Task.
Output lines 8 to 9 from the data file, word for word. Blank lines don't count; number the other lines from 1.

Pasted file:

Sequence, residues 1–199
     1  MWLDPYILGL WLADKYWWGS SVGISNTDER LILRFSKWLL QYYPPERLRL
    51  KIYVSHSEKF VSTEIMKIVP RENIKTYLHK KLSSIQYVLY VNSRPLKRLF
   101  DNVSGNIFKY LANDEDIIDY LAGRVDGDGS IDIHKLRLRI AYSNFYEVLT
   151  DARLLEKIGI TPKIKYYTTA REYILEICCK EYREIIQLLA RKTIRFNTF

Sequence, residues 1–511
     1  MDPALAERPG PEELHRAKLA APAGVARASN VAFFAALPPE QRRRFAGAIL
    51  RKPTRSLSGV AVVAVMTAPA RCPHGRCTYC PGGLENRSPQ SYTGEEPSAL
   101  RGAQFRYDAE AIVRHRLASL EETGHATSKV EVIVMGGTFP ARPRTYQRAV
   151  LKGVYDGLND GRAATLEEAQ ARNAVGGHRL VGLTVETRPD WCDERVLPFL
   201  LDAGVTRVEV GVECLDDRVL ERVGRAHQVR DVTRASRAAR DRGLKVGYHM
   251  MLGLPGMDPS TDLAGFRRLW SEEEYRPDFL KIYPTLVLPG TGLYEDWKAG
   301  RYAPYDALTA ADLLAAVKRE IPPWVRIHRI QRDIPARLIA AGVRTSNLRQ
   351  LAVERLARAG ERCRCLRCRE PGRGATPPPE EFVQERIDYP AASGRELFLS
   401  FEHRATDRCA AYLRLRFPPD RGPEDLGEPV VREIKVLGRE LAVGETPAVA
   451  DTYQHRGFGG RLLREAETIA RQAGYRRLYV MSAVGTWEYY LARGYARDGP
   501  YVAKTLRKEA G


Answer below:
    51  RKPTRSLSGV AVVAVMTAPA RCPHGRCTYC PGGLENRSPQ SYTGEEPSAL
   101  RGAQFRYDAE AIVRHRLASL EETGHATSKV EVIVMGGTFP ARPRTYQRAV